these ostensibly improved stoves were used
infrequently in the village.
Other notable “day in the life” observations included the time and effort expended
to collect wood—up to two hours per day,
with bundles weighing from 14 to 22 kilograms carried distances of up to 4 kilometers—and the varied methods, from lighting
straw or plastic to borrowing burning coals
used to start fires. Women also preferred to
prepare meals inside a kitchen and hot water
outside the kitchen and they used multiple
cookstoves for different types of meals
and meal sizes (the three-stone fire is most
commonly used). Perhaps the most notable
observation, however, is that the culinary
chain—gathering wood, preparing cooking
ingredients, cooking meals, serving food,
eating and cleaning—constitutes 65 percent
of time that a married mother spends on
daily chores and activities.
These findings and data suggest that cookstove adoption might increase if women believed, on balance, that the cookstove reduced
their workload relative to existing practices.
after participant observations suggested a
high prevalence of stove stacking—the use
of multiple cookstoves, each with a specific
purpose—we looked to quantify the extent of
stacking using data collected from surveys of
cookstove ownership and use. These surveys
were accompanied by in-depth interviews to
understand owner decisions.
cooking in the village spans six types of meals
and five other non-meal cooking tasks see Table
3. The meals include two different types of
breakfast porridges and lunches and dinners involved either a thick or thin porridge with a sauce
or steamed rice or couscous, with variations on
each. The tasks include chores such as heating
water, roasting peanuts, or making medicine.
We found five types of cookstoves in the
village. Most prevalent was the traditional
three-stone open fire, with the cooking ves-
sel balanced on stones over the burning
wood. another traditional type of stove
is the gakourouwana, where the cooking
vessel rests on a U-shaped support of mud
or clay. There were also hand-crafted metal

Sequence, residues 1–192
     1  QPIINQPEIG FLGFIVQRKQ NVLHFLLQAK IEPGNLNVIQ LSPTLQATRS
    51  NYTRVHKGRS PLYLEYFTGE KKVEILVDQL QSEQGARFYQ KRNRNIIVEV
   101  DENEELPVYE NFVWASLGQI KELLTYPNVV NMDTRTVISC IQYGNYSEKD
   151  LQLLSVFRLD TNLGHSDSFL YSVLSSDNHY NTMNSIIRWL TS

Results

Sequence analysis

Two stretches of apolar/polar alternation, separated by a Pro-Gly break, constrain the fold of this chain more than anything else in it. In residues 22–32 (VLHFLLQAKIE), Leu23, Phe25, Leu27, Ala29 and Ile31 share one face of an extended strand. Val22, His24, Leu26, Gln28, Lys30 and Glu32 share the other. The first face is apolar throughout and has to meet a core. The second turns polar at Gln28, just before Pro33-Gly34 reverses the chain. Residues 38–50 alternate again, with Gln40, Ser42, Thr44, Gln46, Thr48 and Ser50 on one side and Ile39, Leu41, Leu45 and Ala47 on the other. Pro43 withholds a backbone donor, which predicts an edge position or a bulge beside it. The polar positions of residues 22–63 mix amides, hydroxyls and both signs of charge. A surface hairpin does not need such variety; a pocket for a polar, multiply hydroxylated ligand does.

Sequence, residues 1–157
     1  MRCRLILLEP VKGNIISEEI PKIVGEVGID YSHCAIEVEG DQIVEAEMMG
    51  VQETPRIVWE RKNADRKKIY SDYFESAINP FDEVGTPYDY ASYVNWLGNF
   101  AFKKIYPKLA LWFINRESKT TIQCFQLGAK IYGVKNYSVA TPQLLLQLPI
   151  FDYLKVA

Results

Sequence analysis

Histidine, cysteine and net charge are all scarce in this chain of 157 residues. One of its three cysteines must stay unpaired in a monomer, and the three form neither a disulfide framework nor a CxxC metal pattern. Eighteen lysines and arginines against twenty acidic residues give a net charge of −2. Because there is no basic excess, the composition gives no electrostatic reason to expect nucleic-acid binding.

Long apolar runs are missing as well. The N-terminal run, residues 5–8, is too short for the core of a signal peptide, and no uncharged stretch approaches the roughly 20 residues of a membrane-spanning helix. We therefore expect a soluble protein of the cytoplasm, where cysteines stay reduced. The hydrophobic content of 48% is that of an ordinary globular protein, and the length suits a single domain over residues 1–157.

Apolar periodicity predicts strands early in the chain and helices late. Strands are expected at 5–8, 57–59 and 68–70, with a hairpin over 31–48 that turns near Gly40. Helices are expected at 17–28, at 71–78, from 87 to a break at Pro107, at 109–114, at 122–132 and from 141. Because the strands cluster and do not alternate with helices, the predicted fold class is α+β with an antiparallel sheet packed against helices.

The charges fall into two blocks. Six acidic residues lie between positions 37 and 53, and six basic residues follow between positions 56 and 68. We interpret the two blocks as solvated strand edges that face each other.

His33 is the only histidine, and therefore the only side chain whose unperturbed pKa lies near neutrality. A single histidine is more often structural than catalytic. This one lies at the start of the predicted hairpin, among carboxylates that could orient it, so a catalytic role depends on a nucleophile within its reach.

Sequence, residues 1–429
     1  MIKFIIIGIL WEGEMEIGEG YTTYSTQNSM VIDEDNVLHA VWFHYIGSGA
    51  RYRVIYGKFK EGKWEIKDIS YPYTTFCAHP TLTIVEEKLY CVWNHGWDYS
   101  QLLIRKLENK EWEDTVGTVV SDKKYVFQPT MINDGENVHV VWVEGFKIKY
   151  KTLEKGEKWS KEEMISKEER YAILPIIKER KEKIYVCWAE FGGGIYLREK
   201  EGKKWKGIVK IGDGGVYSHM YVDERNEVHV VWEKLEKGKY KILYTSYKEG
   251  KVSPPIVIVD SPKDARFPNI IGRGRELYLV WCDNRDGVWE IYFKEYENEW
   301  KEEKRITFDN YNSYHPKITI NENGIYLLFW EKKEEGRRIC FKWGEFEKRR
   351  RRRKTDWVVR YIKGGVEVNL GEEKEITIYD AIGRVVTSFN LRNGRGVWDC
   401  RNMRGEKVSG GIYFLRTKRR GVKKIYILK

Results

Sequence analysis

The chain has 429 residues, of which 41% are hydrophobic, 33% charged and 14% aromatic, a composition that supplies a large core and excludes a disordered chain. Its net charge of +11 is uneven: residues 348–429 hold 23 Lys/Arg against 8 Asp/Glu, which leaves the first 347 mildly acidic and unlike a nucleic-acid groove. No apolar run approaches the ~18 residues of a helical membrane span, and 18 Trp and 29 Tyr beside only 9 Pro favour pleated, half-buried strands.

cookstoves made in Mali, and two types of
improved stoves—a low-thermal-capacity
stove made from clay and straw blocks and
a manufactured metal cookstove that has
been distributed worldwide. The two kinds of
improved cookstoves had been given away by
a non-governmental organization one to two
years before our study, see Table 4.
around half the women we surveyed
engaged in stove stacking (they owned more
than one stove). Nearly all own a traditional
three-stone fire or a traditional gakourouwana
cookstove, about 15 percent own both types of
traditional cookstoves and 43.9 percent own
a traditional cookstove as well as an improved
cookstove. Interestingly, approximately 40
percent of women shared cookstoves. due to
the extended family structure in the village,
there are often multiple cooks per household.
Often, women owned two or more three-stone fires so they could cook both indoors
and outdoors. Meals were usually prepared in
the enclosed kitchen, but during especially hot
weather they were prepared outside. Hot water was generally prepared on an outdoor fire.
Portable improved cookstoves were used more
frequently than stationary cookstoves in the
hot season because the stationary cookstoves
could not be moved outside the kitchen.
Not a single woman owned only improved
cookstoves—one of several strong indicators
that improved cookstoves do not address
all cooking needs in the village. No one
who owned an improved cookstove used it
frequently. Improved cookstoves were used to
heat water and cook meals, but only traditional fires were used for activities such as roasting peanuts, making medicine and processing
shea, see Table 5.
What’s more, families with over 15 people,
which accounted for approximately one-half
of the village population, rarely used improved
stoves because their large meals and large pots
exceeded weight and size limitations of the
improved stoves. The improved stoves were
also too small or lacked the durability required
Number of cookstoves
(% of total cooks)b
TSF GK LTC HCM MM
1 cookstove (52.0%)
2 cookstoves (35.8%)
3 cookstoves ( 8.1%)
4 cookstoves ( 2.4%) 3
5 cookstoves ( 1.6%) 2
TO TAL COOKS
(% of total cooks)c
a Three-stone fire ( TSF), gakourou wana (GK), lo w thermal capacity (L TC), hand-crafted metal (HCM), manufactured metal (MM). bPercentages do not add
to 100% due to rounding. c Percentages do not add to 100% because some women own multiple cookstoves.
It's common for women within the same family to have
separate kitchens and cookstoves.